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Study Guide for the Final

by: Melissa Kaufman

Study Guide for the Final 1300-03

Marketplace > Tulane University > Sociology > 1300-03 > Study Guide for the Final
Melissa Kaufman
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Includes textbook notes for all chapters on the final (14,15,17) and class notes for chapters 15 and 17. Also includes class notes on R&L chapters 4 and 5 from class discussion on them.
John Hall
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This 16 page Study Guide was uploaded by Melissa Kaufman on Wednesday April 27, 2016. The Study Guide belongs to 1300-03 at Tulane University taught by John Hall in Winter 2016. Since its upload, it has received 43 views. For similar materials see Criminology in Sociology at Tulane University.


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Date Created: 04/27/16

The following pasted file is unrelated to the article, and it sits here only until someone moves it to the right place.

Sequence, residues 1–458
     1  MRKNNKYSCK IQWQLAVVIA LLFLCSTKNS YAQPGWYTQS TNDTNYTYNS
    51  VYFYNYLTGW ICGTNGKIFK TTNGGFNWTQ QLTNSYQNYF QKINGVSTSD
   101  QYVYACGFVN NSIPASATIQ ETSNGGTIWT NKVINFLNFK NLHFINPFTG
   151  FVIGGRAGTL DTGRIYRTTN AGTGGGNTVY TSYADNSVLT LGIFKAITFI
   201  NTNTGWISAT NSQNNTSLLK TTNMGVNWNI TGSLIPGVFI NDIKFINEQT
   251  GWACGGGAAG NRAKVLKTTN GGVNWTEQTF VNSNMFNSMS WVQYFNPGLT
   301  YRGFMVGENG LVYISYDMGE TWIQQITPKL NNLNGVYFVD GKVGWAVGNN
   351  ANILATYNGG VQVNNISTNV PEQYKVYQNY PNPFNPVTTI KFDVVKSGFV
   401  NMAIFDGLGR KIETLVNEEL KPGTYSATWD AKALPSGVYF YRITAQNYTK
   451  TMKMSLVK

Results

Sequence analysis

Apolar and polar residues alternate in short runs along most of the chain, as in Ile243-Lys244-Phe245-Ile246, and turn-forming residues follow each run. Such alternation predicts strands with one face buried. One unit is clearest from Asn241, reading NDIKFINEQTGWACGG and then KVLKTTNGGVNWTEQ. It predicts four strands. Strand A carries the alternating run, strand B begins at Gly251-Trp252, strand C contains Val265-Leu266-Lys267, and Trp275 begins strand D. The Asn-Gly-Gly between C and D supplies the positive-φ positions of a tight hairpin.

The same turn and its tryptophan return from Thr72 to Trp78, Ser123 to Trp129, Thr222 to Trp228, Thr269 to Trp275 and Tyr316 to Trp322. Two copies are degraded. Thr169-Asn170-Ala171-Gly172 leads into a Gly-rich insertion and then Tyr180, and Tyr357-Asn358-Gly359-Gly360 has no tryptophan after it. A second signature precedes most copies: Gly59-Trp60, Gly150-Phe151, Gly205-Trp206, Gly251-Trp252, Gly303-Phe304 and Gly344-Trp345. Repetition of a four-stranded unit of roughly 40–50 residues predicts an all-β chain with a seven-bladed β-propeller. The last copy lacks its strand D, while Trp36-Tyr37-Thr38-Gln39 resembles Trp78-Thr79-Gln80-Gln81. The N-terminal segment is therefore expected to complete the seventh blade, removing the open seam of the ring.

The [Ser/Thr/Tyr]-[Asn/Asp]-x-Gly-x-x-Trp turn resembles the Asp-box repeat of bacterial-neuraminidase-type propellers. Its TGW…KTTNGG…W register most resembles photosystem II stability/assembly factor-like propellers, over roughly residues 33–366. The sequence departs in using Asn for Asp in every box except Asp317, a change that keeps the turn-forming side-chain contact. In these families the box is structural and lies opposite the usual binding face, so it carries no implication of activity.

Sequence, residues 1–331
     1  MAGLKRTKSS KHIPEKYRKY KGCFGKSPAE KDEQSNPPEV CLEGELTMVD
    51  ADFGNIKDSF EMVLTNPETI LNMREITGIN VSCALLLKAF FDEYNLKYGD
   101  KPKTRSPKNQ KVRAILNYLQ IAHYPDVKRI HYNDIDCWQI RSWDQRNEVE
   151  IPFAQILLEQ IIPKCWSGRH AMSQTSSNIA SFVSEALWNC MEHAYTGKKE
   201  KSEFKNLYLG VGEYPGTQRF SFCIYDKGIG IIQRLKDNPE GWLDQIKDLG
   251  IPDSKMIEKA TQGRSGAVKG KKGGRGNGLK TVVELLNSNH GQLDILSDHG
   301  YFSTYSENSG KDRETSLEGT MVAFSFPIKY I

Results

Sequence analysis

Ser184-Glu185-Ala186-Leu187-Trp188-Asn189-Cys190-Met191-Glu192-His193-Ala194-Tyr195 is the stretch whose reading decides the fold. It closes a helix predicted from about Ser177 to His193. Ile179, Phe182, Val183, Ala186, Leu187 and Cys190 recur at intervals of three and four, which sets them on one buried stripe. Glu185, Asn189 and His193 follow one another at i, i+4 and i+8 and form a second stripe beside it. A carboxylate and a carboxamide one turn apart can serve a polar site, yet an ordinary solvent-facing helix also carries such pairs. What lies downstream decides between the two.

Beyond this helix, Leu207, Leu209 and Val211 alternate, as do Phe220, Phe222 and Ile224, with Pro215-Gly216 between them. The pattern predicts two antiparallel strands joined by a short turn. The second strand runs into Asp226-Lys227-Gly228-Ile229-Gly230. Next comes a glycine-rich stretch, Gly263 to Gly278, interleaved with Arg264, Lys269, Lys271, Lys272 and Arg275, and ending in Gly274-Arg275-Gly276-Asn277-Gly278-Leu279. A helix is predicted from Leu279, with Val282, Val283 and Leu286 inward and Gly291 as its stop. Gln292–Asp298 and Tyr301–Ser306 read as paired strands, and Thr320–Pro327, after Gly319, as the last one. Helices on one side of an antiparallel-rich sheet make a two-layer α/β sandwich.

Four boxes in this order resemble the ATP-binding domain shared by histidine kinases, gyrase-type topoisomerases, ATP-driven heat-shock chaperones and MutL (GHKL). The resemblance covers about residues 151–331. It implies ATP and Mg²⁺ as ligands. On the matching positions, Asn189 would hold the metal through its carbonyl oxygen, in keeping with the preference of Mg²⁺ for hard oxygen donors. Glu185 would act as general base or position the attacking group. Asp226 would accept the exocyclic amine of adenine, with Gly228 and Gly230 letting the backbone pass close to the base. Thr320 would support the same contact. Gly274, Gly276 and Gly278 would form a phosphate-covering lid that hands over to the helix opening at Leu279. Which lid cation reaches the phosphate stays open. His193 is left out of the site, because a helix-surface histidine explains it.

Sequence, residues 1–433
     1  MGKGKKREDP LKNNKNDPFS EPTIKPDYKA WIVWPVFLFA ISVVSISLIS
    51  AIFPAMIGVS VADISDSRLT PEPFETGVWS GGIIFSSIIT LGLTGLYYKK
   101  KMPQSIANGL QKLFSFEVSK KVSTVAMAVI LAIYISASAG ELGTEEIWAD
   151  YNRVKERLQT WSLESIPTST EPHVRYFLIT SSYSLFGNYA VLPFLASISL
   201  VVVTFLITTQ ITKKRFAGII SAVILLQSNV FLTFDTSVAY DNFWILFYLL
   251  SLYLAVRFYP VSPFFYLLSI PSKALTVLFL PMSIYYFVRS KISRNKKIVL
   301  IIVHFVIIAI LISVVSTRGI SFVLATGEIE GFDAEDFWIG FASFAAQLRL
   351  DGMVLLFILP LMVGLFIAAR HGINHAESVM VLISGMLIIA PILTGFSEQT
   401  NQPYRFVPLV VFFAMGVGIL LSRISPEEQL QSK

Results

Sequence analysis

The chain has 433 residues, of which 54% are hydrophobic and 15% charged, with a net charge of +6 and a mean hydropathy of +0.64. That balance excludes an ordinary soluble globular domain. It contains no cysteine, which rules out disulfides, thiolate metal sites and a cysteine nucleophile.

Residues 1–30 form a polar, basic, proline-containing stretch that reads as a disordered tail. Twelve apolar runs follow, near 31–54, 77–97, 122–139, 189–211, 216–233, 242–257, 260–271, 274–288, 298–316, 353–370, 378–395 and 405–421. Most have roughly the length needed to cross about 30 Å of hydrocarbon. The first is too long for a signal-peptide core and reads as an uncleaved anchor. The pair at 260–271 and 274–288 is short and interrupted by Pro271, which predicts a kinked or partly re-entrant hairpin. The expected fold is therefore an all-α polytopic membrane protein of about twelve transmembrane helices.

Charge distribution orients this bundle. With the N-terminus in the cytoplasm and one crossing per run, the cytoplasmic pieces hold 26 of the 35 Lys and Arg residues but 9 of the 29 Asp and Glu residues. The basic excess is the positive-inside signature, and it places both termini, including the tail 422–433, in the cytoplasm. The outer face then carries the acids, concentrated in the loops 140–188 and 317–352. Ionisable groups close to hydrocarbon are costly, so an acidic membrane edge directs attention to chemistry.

Criminology Final Study Guide Chapter 14: Textbook Notes Political Crime Political crime book definition: any illegal or socially harmful act aimed at preserving or changing the existing political and social order -Performed for ideological reasons -Two categories: crime by government and crime against government BY gov: also called state crime or state criminality -Aim to maintain existing order and includes “1. Political repression and human rights violations; 2. Unethical or illegal experimentation; 3. The aiding and abetting of corporate crime” (p.288) -There is also political corruption which violates public trust by strengthening wealth/power/influence of political officials AGAINST gov: aims to CHANGE the existing order -Includes: “1. Terrorism, assassination, etc. 2. Nonviolent civil disobedience and 3. Espionage and treason” Genocide: ultimate act of repression, deliberate killing of a group because of race, religion, ethnicity or nationality -it is a crime against humanity (worst crime) -Holocausts, Armenians, Sudan (2004) -typically connected to totalitarian govs (but democracies also commit it sometimes) State Terrorism: government ruling through terror -Soviet Union and Stalin example -Human rights violations -Police brutality during Civil Rights movement -Federal support for the murder of national political leaders in other nations -Extraordinary Rendition: CIA kidnapped potential terrorists and tortured them (reportedly) COINTELPRO: FBI spying on people/monitoring them to see what they believed in, what they were up to etc. Legal Repression: arresting without actual reason, the arrest is made on suspicion but the reasoning is faulty but they make up reasons to try to see legitimate Unethical Experimentation -Holocaust experiments -Tuskegee College syphilis experiment -Usually doesn’t happen to white or wealthy people -Radiation exposure without knowledge -Prisoners, mentally ill were main subjects State-Corporate Crime: intersection of corporate crime and crime by government (gov and corporations work together to commit illegal/harmful activities) -Challenger Space Shuttle (not actually perfected but pressure from president to launch it? Ignoring the claims the the o-ring was potentially dangerous) Political Corruption: done for personal wealth gains or political influence Personal $ gain -bribes and kickbacks for business favors they give -Teapot Dome Scandal under Warren Harding -secretary of interior Albert Fall took bribes of more than 400,000 for giving gov owned oil fields to private companies Power & Influence -Watergate and Iran-Contra scandals -NixonWatergate -ReaganIran-Contra Crimes AGAINST Government -Called “convictional criminals” -Right or left side of spectrum -Can be violent or nonviolent -Usually in organized groups, but can act alone -Not always good (9/11 and terrorism in general) -The context is important when deciding what is positive/negative -Motivation is very rational: they want reforms or power to be given up Terrorism book definition: “The use of unexpected violence to intimidate or coerce people in the pursuit of political or social objectives” State Terrorism: using police and government agents to repress citizenry with violent tactics Vigilante Terrorism: initiated by private groups against another private group in order to maintain the status quo -hate crime Insurgent Terrorism: trying to cause political change -bombings, shootings, kidnappings, hijacking, targeting public figures and the public, buildings, buses etc. (list from textbook) Transnational Terrorism: done by people from one nation to people/property of a different nation -9/11 -Bombings in Israel Political Assassination: “murder of public figures for political reasons” -only considered if the murder is politically motivated Civil Disobedience: “violation of law for reasons of conscience and is usually nonviolent and public” -ok with being arrested -Civil Rights, Thoreau, King Oedipus, in the Bible, etc. Espionage: spying Treason: “aiding and abetting of a country’s enemy by providing enemy military secrets or other important info that puts the country at risk” -Benedict Arnold Social-psychological explanations focus on emotions that cause people to protest Structural explanations focus on factors like preexisting friendship and organizational ties (more likely to join if they have some associated friends doing it) -or the political opportunity theory: “movements are likely to appear when changes in the national gov promise it will prove receptive or vulnerable to movement changes” Demographics: BY GOV: almost always by white men of middle or upper class status -the targets are those people lacking power (depends on race, ethnicities, and religion) AGAINST: committed by members of various social movements -dependent on the particular movement To reduce Political Crime there needs to be a decrease in the gaps between the powerful and the powerless Chapter 15 Class Notes Consenual Crimes: involve people who participate in these behaviors willingly (illegal drug use and gambling?) -These behaviors do more harm than good -These laws increase police and other official corruption, lead consensual offenders to commit other types of crime that they would not commit if their behaviors were legal, generate public disrespect for the law, divert time and money from fighting more serious crime to futile efforts to stop what so many people want to do, prompt law enforcement agencies to engage in wiretapping and other violations of liberties, and provide much of the revenue for organized crime – directly from the textbook Main Areas: Drugs, Prostitution, and Porn Drugs 1) drug abuse and 2) addiction --(know the separation between the two from the book) Abuse: abnormal use (not a consistent understanding of this) -negative repercussions -illegal use does not = abuse (smoking a joint once at a party) Addiction: -originally introduced because it was associated with alcohol -the term really meant psychological dependence and development of tolerance (need more of it to feel same effect) -not necessarily a problematic type of thing (R&R), however, when you get into psychological dependence then you really get into a different term Tolerance: no measure of it (no test) -only one way to test it: if they have withdrawal symptoms Withdrawal: differs for different drugs -sometimes medical intervention is necessary Clinical Analysis: use the term dependence -talk about psychological dependence and physiological repercussions Habit: something about your behavior that offers a predictability to your life Politics: good habits and bad habits (line between the 2 depends on your politics) Bad: addict Good: not an addict, you just have problems -When you disturb a pattern you get a psychological effect -That doesn’t indicate medical attention needed, more to do with attitudes Drug Schedules 1. worst drugs in terms of abuse potential also few legal uses …. 5. not as bad where does marijuana stand?? SCHEDULE 1  All drugs have good sides and bad sides, functions that people use them for and dysfunctions that they cause 4/15/16 Function of the War on Drugs (why is it still going on?) -Deterrence: laws deter some usage of the drugs, prevents you from getting involved or experiencing the down side of drugs  Support war on drugs -The US is a nation of druggies  Turn to drugs for everything Ideology (“ism’s”): belief that function to justify groups outlooks/behaviors Racism: assumption that one race is superior to others Ethnocentrism: assumption one culture is superior to others (associate drug use with a certain culture; intercity, counterculture, impose rules/laws on these people disproportionately) -Using ideology to implement a policy (majority of the population probably doesn’t like this) Connection between War and Drugs and Crime: ELEVATES crime only (Hall’s view) -Laws create the crime direct v. indirect crime -direct: drug offenses (manufacturing, distribution, or possession) -indirect: criminality involving victims, risks involved with the usage of drugs Crime under the influence: alcohol and sometimes with amphetamine products -but drugs wear off quickly, have to keep taking them if you actually want to be under the influence during the entire duration of the crime Chapter 15 part 2 class notes 4/15/16 Function of the War on Drugs (why is it still going on?) -Deterrence: laws deter some usage of the drugs, prevents you from getting involved or experiencing the down side of drugs  Support war on drugs -The US is a nation of druggies  Turn to drugs for everything Ideology (“ism’s”): belief that function to justify groups outlooks/behaviors Racism: assumption that one race is superior to others Ethnocentrism: assumption one culture is superior to others (associate drug use with a certain culture; intercity, counterculture, impose rules/laws on these people disproportionately) -Using ideology to implement a policy (majority of the population probably doesn’t like this) Connection between War and Drugs and Crime: ELEVATES crime only (Hall’s view) -Laws create the crime direct v. indirect crime -direct: drug offenses (manufacturing, distribution, or possession) -indirect: criminality involving victims, risks involved with the usage of drugs Crime under the influence: alcohol and sometimes with amphetamine products -but drugs wear off quickly, have to keep taking them if you actually want to be under the influence during the entire duration of the crime 4/20/19 Prostitution: sex in exchange for money/other resources -mostly women Sex Tourism: buying sex in other countries where it IS LEGAL Pornography: see Miller v. California Tenets: 3 part definition of what pornography was (VERY AMBIGUOUS) 1. the average person finds it offensive 2. it depicts sexual activity in a patently offensive way 3. it lacks serious artistic or political or scientific value -erotic stuff -when do you move from being reasonably erotic versus deviant or problematic displays of sexuality -where do you draw the line?? -with crime: the first amendment (backs up pornographers), freedom of expression -issues with freedom of expression -child pornography is banned -NY state said it’s illegal to put porn online, but the person watching isn’t doing anything illegal Chapter 15 textbook notes Consensual Crime Major consensual crimes: drug use, prostitution and pornography, and gambling major themes: consensual crime laws are arbitrary and inconsistent; laws against these crimes may cause more harm than good Consensual crime: also known as vice crimes, public order crimes, or victimless crimes -people do these things willingly More harm than good: 1. Increase police brutality/corruption, 2. Lead offenders to commit other crimes, 3. Create public disrespect for the law, 4. Divert efforts of fighting more serious crimes, 5. Prompt wiretapping and other violations of civil liberties, and 6. Provide revenue for organized crime Illegal Drug Use: most publicized consensual crimes in US Psychoactive drug: any substance that physiologically alters behavior by changing mood, emotion, perception and other mental states -“good drugs”: use is socially acceptable in our culture -“bad drugs”: use is not socially acceptable and they are illegal and we view these people in a negative light (much differently than we view those who use “good drugs”) -Alcohol, marijuana and tobacco most commonly used for 18-25 yr old population -Low percentages of illegal drug use translate into high numbers of actual people -Attribute drug use to economic decline, especially in urban areas -Drugs provide temporary relief, distract from people’s problems -Higher in areas of chronic joblessness and poverty=unstable families -Women engage in LESS illegal drug use than men -Both genders use these drugs for the similar reasons (economic instability, poverty, family issues, etc.) -Women more likely to use for depression, sexual abuse -Men more likely to use for excitement -Women more likely to use due to lack of money from lack of jobs -Women using during pregnancy viewed very poorly (term “crack babies”) What is the drug-crime connection? -Strong correlation between drug use and crimes -People using commit more crimes than people who don’t use drugs -Yet, most drug use is recreational and also committing crimes leads to drug use -Likely from economic issues and poor parenting the results are criminality and drug usage -Found that delinquency usually comes before drug usage -Interacting with other drug users causes more interaction with a criminal community (learn from them about crimes) -Most violence/crime is just a result of the fact that the drugs are illegal not from the drugs physiological effects Legalization Debate Philosophical side: in a democratic society people should be able to do whatever they want (even if it is self-destructive) and it is hypocritical for a society to determine which behaviors are allowed and what are not allowed Social-Scientific side: consensual crimes cause more harm than good Philosophical: decisions are more related to various political and social factors more than the harm from the drugs -Alcohol and tobacco kill more people a year than illegal drugs -Illegal drug deaths usually come from the drug being laced with other things Social Science: prohibition example, causing more violence and organized crime -Increases corruption due to bribes -Drug laws create the crime/problems they aim to prevent -Drugs would not be adulterated if they were legal -Expenses would be lower causing less robbery -Spend $50 billion annually on drug laws -Huge number of drug arrests -These laws cause organized crime -They could be taxed (adding to federal and state revenue) -Drug laws are more strictly enforced on minorities -Arresting for drug use usually involves wiretapping and other freedom- breaching measures -So easy to already get, legalizing wouldn’t necessarily increase numbers of users Harm Reduction: drug use is treated as a public health problem not as a crime, users don’t get treated as criminals instead they are seen as people who need help (saves money too) Drug Courts: sentence people to treatment and counseling as opposed to jails -Most prostitutes are women -Male prostitutes usually serve males -approx. 70,000 full time female prostitutes in the US -“immoral” -normal for men to take part but looking down upon for the female -women turn to prostitution for money (usually to provide for their drug habits) Sex trafficking: forcing women into prostitution or sexual slavery Pornography—how do you define what it is and isn’t? -censorship issues -those who favor it being banned say it is protecting society -degrading for women as they are portrayed as sexual objects violent porn: depicts sexual violence against women erotica: depicts respectful nudity and consensual loving sex between adults (book definition) -pornography linked to aggression and rape Gambling -85% of Americans say they’ve gambled at least once in their lives -gambling is becoming MORE legal -US is more tolerant of it -cities use casinos and such for needed revenue -Native Americans start them on their reservations -Religious groups are against gambling -exploit the poor and make their financial situation worse Criminology chapter 17 textbook notes: Prosecution and Punishment Main issues: the extent that social inequality affects the exercise of legal discretion and the extent to which reliance on the criminal justice system can reduce crime Criminal Courts and the Adversary System  Adversary system is a myth: hard to afford good attorneys so the defendant ends up having to plead guilty Poor Defendants  Their lawyers don’t care about them  Lawyers just want money  Pretend they are doing a lot but they aren’t really doing anything (confidence game)  Double agents—working with prosecutors to get guilty pleas rather than defending their client  Plea bargaining Prosecutors, Courtroom Work Group and Plea Bargaining  A lot work burdens all people involved in the court process  Everyone wants to resolve the cause as quickly as possible: best way is through a guilty plea  Prosecutors don’t take a case unless they are confident that the jury would find the defendant guilty: this leads to a lot of dropped felony arrests b/c of weak evidence, lack of cooperation from victims and witnesses How to decide which cases to drop or plea bargain: 1. serious offense 2. injured victim 3. eyewitnesses, recovered weapons, stolen property 4. defendants use of a weapon 5. defendant has serious prior records 6. a “stand-up” victim that jury would feel is undeserving of victimization  fear that plea bargaining lets serious offenders off too easily Punishment, Social Structure and Inequality  small traditional societies have a collective conscience: strong shared norms and values  these societies engage in repressive law when deviance occurs  this is noted with harsh physical punishment  in large societies, this is weaker, dealt with by restitutive law  this is noted with an interest in restoring relationships to their previous state  restitution=punishment  inequality is a key part in the severity of punishment  ruling class is able to keep power by controlling the minorities Economic Conditions and Punishment  not a clear relationship between unemployment and high incarceration rates  Postbellum period and African Americans: more blacks were incarceration because there was a fear of them gaining power after being freed from slavery Social Class and Legal Outcomes  Poor and less poor’s sentencing doesn’t vary greatly  But there is very little income variation between these groups in studies  Wealthy are much more able to contest evidence because they can pay for better lawyers  Clearest class differences is seen when comparing poor people accused of street crime to rich people accused of white collar crime  More likely to receive a prison term if person comes from a poorer neighborhood  But being from poorer neighborhoods was not related to the time in jail sentenced Impact of Race and Ethnicity  Charges are most severe when African Americans are victimizing whites  More serious charges against blacks for the same crimes that whites commit  Blacks and Latinos are more likely to be in prison than whites  Minorities have longer prison terms and more likely to be incarcerated  Harsher sentencing for less serious crimes  Liberation hypothesis: “the most serious cases there is little room for prosecutorial or judicial discretion to affect the sentence because a severe sentence is clearly in order. In less serious cases, more discretion is possible and thus greater opportunity exists for racial bias. Less serious cases thus liberate judges to use their discretion and also base sentencing decisions on racial prejudice.” (358)  In areas with a higher population of blacks there are higher imprisonment rates too  Race and ethnicity are more closely tied to the decision to incarcerate rather than the sentencing length The Drug War Revisited  Racial and ethnic discrimination are consistent for 2 types of sentencing: 1. Death penalty and 2. The war on drugs (targets African Americans and Latinos)  Crack v. powdered cocaine  Since blacks used crack more often there was a harsher punishment for crack than powder cocaine and so more blacks were in jail for longer periods of time  Today, blacks make up almost 45% of all state prisoners in jail for drug offenses  1/3 of young black males (ages 20-29) are under correctional supervision either in jail, prison, probation or parole Gender and Sentencing  men make up 93% of all prison inmates in the US  men are more likely to commit serious crimes  so there are obviously more men in prison  in the juvenile system girls are treated more harshly than boys for status offenses but boys are treated more harshly for more serious offenses  for adults, women are 10-25 % LESS likely than men with similar offenses to be incarcerated  gender does not relate to the length of sentencing  judge’s and prosecutors beliefs that women are less of a threat to society  fear that women’s families would suffer too much Impact of Punishment on Crime  get tough approach  longer prison terms  mandatory minimum prison terms  three strikes policy (at your 3 felony you get really long sentences)  death penalty  get touch is more prominent in the Western world  due to this approach, there are massive amounts of people in jail  overcrowded jails = need for more jails = spending a lot of money  deterrence argument: harsher punishment reduces crime  incapacitation argument: society is protected when dangerous criminals are behind bars  but, harsher punishment does NOT reduce crime and it is definitely not economically Evidence against a Deterrent Effect  decreases in crime rates not necessarily mean there will be a huge decrease in incarceration  at the state level, there is not a strong or consistent relationship between the severity of punishments and crime rates  system capacity argument: it is just as likely that states with lower crime rates and less crowded prisons can afford to keep their prisoners in jail for a longer time  decreases in crime rates do not occur after the establishment of harsher penalties for certain crimes  the large increase in prisoners has forced early releases of the previously locked up offenders already in jail Evidence against an Incapacitation Effect  keep society safer by locking people up  this argument assumes that we do not have enough people already in prison  it is hard to sometimes identify the dangerous offenders who need to be imprisoned  ignores the fact that extra people put into prison only account for a small number of offenders and they will end up being replaced on the streets with other offenders  the money spent on prisons and prison space is wasted  gross incapacitation: incarcerating large numbers of offenders  would not reduce the crime rate to any significant amount  could make crime problem WORSE: new offenders arrested likely to be minor offenders and their experience with the criminal justice system and gaining a criminal record would likely increase the chances of them committing more crimes and more serious crimes; also it is damaging to urban communities (taking away young men) this increases social disorganization The Death Penalty Debate  3 proponent arguments 1. people convicted of horrible murders deserve to be put to death 2. the death penalty saves money that would be used on years of imprisonment in they were to serve a life sentence 3. the death penalty sends a strong message to potential murders and has a deterrent effect on homicide  opponents: death for death raises philosophical and religious issues -why kill people to show people that killing people is not ok? -counter-intuitive? -hypocritical? Cost of Death Penalty  death penalty is more expensive than keeping someone in jail for their entire life General Deterrence and the DP  studies find that it does not deter future murders  states with the DP do NOT have lower murder rates than states without it  murder rates don’t decrease after a DP case  brutalization effect: executions desensitize the public to the immorality of killing so in turn it actually INCREASES the likelihood that someone would choose to murder another individual Arbitrariness and Racial Discrimination in the Application of the DP  imposing the DP in some cases but not others (inconsistency, randomness) th  Furman v. Georgia case ^ (DP violated the 8 amend. –cruel and unusual punishment)  Bifurcated juries: first decide on whether or not the defendant was guilty, then decide on whether or not to impose the DP  Aggravating: murder committed during another felony  Mitigating: defendant had no prior criminal history  Similar crimes are being punished differently around the US  Sentencing and punishments seem random  Lives of white victims are more valued than blacks  Death sentences are more likely when the victim is white, wealthy and a “respectable” member of society Quality of Legal Representation of Capital Defendants  Most defendants are poor and get bad legal representation  Rely on assigned counseling  Public attorneys are less experienced and less likely to positively handle a death penalty case  Especially true in the south Wrongful Executions  People are found to be innocent that were going to receive the death penalty  Mistakes are made in cases  Once executed you can’t be released from jail… Chapter 17 class notes Ideologies Deterrence: imposing a penalty that will scare people away from getting involved in criminal behavior Incapacitation view: if you have victimizing criminals, you know they are an offender so as long as they are behind bars protects people from these criminals  Both have appeal but also have a lot of issues and problems  There is no direct scientific way to study whether or not harsher threats can actually keep people away from crime (the studies vary and are more indirect) Death penalty issues and why it is challenged 1. the cost of it: higher than keeping them behind bars because until 2009 there was an unlimited amount of appeals that could be filed by the person being sentenced to death, to delay process as long as they had the money to do that but since 09 if you have filed an appeal you can’t file any more appeals unless NEW EVIDENCE has surfaced in the case 2. no correlation between murder rates in a state and the death penalty 3. what is considered to be excessive punishment? Is the death penalty too excessive? 4. Banned by supreme court for 4 years because criticism of the states that had the death penalty and how they were imposing them, it was an arbitrary nature, there was no pattern of this being imposed -not clear why people did/didn’t get the death penalty 5. 2008: unless it is a capital one murder you cannot get the death penalty, and you cannot be a minor R&L chapter 4: Connection between ideology (statements or beliefs that people use to justify their outlooks or behaviors) and the way the system is working right now 2 ideologies in criminal justice system 1. connection between social class and crime: people tend to think about street crime instead of white collar crime -criminals are at the bottom of the socioeconomic status index (poor people) -people going to/have been to prison are poor --criminals are correlated with poor people 2. do things to follow the norms, but in deviant behavior we change our tune, we look at internal forces instead of external influences to try to explain why the criminal is doing what they do (individual blame approach) Chapter 5: recommendations for the criminal justice system -get tough is one approach -need to think further…what happens when they get out of jail? -rehab approach: provide them with skills and training while in jail -passing laws to protect them against employment discrimination -use punishment structure to promote social responsibility